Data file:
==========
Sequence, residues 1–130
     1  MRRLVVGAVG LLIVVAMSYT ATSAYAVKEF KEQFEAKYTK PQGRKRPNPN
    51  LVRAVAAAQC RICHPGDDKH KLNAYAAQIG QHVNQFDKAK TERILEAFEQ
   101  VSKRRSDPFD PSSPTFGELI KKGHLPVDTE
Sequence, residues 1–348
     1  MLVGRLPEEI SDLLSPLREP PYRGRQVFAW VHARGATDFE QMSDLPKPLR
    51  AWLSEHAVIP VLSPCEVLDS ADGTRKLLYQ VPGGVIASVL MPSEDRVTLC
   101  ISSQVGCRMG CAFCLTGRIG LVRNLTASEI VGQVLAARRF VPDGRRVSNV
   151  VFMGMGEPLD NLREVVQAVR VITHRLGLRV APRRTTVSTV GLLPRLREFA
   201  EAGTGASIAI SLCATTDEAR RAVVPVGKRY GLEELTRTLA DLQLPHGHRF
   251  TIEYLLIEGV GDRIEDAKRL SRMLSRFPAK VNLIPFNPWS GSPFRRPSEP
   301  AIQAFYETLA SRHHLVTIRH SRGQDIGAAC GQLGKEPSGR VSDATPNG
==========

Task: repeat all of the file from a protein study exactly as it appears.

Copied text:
Sequence, residues 1–130
     1  MRRLVVGAVG LLIVVAMSYT ATSAYAVKEF KEQFEAKYTK PQGRKRPNPN
    51  LVRAVAAAQC RICHPGDDKH KLNAYAAQIG QHVNQFDKAK TERILEAFEQ
   101  VSKRRSDPFD PSSPTFGELI KKGHLPVDTE
Sequence, residues 1–348
     1  MLVGRLPEEI SDLLSPLREP PYRGRQVFAW VHARGATDFE QMSDLPKPLR
    51  AWLSEHAVIP VLSPCEVLDS ADGTRKLLYQ VPGGVIASVL MPSEDRVTLC
   101  ISSQVGCRMG CAFCLTGRIG LVRNLTASEI VGQVLAARRF VPDGRRVSNV
   151  VFMGMGEPLD NLREVVQAVR VITHRLGLRV APRRTTVSTV GLLPRLREFA
   201  EAGTGASIAI SLCATTDEAR RAVVPVGKRY GLEELTRTLA DLQLPHGHRF
   251  TIEYLLIEGV GDRIEDAKRL SRMLSRFPAK VNLIPFNPWS GSPFRRPSEP
   301  AIQAFYETLA SRHHLVTIRH SRGQDIGAAC GQLGKEPSGR VSDATPNG